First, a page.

My dream of travelling to Japan has two sides to it. Of course the nation’s fascinating history, beautiful architecture and gorgeous natural beauty interests me. To walk in the footsteps of samurai and ninja, climb Mt Fuji and bathe in the spray of waterfalls will no doubt be amazing.
On the other hand, I am a textbook geek. I grew up obsessed with Pokemon and Digimon, mesmerised by Godzilla, Gamera and the Power Rangers, enjoying a wide range of Anime. For as long as I can remember, Nintendo and their games and characters have been a key part of my identity.
It is therefore no coincidence that I’ve started my Japan journey here in the Akihabara district of Tokyo. Legendary in so-called Otaku culture, Akihabara’s Electric City was once considered the consumer electronics capital of the world and has long been a mecca for enthusiasts of films, comics and videogames.
The short walk from my hostel, via a train station, to the Electric City itself was like transporting between worlds. I was already in the beautiful and unique Tokyo, with its mix of traditional and ultra-modern, but then I was bombarded with enormous, shiny buildings, bright lights and colours, adverts on billboards, enormous screens and miles of signage.
All at once I was hit with anime characters, videogame companies, J-pop music, food and drink and voices. It was like comic-con but the size of a town, and all year round. Just walking around the streets for hours was remarkable, never mind entering anywhere.
Several of the buildings were shops selling figurines, models and all the most high-class memorabilia, floor-to-ceiling. These could go as high as ten storeys, every floor containing more cool robots and action figures than I’d seen in my life up to that point.
The temptation to blow all my savings right here and now was ridiculous. The things that I’ve always loved, Transformers and Godzilla and Digimon, felt like niche interests for most of my life. Back in the UK a model of a kaiju or obscure videogame character was a rare thing, and the collection I’ve built up took a long time and a lot of luck. I might get to see a decent array of Transformers or retro bits and bobs once a year, at conventions.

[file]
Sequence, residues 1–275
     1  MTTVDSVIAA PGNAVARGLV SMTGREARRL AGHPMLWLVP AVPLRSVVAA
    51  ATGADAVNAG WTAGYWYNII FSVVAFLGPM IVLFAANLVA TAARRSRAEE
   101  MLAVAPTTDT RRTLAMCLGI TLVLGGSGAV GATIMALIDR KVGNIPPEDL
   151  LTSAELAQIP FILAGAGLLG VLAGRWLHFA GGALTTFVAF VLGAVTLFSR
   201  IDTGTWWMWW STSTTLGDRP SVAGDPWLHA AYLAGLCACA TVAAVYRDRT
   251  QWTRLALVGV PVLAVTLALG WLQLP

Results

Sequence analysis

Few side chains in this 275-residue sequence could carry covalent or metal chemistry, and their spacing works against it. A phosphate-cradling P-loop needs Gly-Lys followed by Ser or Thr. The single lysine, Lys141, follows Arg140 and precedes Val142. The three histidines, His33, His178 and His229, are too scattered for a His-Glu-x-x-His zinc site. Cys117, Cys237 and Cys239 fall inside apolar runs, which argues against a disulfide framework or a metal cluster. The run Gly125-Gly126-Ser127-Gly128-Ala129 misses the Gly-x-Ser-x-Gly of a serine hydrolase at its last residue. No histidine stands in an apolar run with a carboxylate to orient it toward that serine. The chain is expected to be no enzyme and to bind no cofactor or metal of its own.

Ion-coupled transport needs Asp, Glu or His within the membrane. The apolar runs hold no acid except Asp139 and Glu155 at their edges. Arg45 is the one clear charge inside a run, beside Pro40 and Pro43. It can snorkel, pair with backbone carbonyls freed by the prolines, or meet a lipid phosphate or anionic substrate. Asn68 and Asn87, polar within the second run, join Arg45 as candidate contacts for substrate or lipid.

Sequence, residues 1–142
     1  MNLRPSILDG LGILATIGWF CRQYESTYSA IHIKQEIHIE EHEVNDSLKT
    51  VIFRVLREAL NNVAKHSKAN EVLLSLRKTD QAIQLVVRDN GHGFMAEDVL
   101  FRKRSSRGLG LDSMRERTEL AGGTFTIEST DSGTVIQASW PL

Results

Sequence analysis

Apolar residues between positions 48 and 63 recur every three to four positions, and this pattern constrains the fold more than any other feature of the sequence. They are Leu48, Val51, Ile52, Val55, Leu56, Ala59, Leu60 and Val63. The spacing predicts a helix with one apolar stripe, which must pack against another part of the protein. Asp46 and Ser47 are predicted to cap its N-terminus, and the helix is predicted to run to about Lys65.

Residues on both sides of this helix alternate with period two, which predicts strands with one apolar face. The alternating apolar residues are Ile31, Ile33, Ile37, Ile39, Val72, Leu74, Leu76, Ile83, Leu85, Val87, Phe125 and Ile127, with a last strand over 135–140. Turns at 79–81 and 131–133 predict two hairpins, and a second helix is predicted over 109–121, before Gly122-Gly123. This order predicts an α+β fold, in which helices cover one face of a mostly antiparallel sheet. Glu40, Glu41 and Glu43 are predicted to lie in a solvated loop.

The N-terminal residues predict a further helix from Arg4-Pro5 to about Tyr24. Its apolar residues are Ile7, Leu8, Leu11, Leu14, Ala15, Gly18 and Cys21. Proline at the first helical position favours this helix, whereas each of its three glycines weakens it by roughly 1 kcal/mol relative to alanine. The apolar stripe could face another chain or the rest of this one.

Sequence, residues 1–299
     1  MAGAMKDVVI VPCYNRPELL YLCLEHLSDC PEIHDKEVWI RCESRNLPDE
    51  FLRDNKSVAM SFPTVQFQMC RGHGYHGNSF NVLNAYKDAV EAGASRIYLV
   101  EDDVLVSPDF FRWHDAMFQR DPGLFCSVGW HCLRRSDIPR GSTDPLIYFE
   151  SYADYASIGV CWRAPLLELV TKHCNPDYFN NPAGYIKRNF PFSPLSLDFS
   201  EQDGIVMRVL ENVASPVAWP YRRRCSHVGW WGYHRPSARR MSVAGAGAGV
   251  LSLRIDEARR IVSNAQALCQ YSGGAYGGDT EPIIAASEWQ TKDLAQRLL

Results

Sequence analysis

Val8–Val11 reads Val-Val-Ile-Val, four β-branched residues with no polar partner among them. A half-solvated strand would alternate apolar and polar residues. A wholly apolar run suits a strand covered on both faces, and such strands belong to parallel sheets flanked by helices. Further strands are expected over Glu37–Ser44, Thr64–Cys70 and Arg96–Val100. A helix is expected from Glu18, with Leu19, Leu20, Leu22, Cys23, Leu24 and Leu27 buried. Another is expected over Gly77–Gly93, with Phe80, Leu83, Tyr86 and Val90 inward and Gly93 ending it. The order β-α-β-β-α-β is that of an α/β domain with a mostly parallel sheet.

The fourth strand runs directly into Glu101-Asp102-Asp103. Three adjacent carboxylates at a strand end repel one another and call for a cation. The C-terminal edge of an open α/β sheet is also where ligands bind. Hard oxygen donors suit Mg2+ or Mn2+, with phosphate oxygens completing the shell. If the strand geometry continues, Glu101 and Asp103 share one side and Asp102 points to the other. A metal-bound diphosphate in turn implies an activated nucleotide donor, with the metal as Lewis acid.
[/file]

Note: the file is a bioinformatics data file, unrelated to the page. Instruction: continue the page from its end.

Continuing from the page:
Here, every character I like from every sci-fi or fantasy property was represented in a dozen different high-quality products. Obscure transformers toys I’d read about on internet forums in 2007 were piled up on the shelves. It was mesmerising, almost overwhelming.
I spent much of a day just walking around and taking things in, enjoying these shops like a museum exhibit of Gundam mechs and scantily clad manga ladies. In every display was some little curio or surprise to keep me interested.
I felt vindicated to see a number of huge displays of Splatoon and Monster Hunter merchandise. In my years of championing these slightly obscure game series, I’d fallen in love with the myth that they are given their due attention here in Japan. I was glad to see some evidence that they really are that big over here.
Beyond the shops were the arcades. Buildings just as big as the vast emporiums, here was the original gaming space, almost extinct in the West. Most of the buildings had given over their lowest couple of floors to UFO catchers, what we might call Crane Machines in the UK, just as the arcades in the West have had to do.
Climb further up, however, and the arcade gaming scene is alive and well. Players gather around Street Fighter cabinets to throw down, tiny children play dancing and music games with speeds that look superhuman to my eyes. I even saw a number of Mario Kart machines, which I earmarked for a return visit.
I did notice a prevalence of games which seemed weird to me, closer to PC MOBAs or tabletop card games than the console and arcade games I’d expected. On the top floors, though, I’d often find the really amazing stuff: room-scale VR experiences, or big sit-in mech driving games with full size immersive cockpits.
Just observing the arcade scene of Akihabara was an experience, and I’m looking forward to properly returning next weekend and trying my had at getting stuck in and playing some of the machines that most capture my interest.
Mainstream opinion seems to be that Akihabara is in decline. I will admit that I didn’t see a great deal of the most modern, high-tech gear. It doesn’t feel like the nexus of forward-thinking culture any more as much as a love letter to geekdom past. The repeating similar anime and game merchandise may speak to a recursive culture, but the City is still alive with Electricity.
And I hadn’t even found Super Potato yet . . .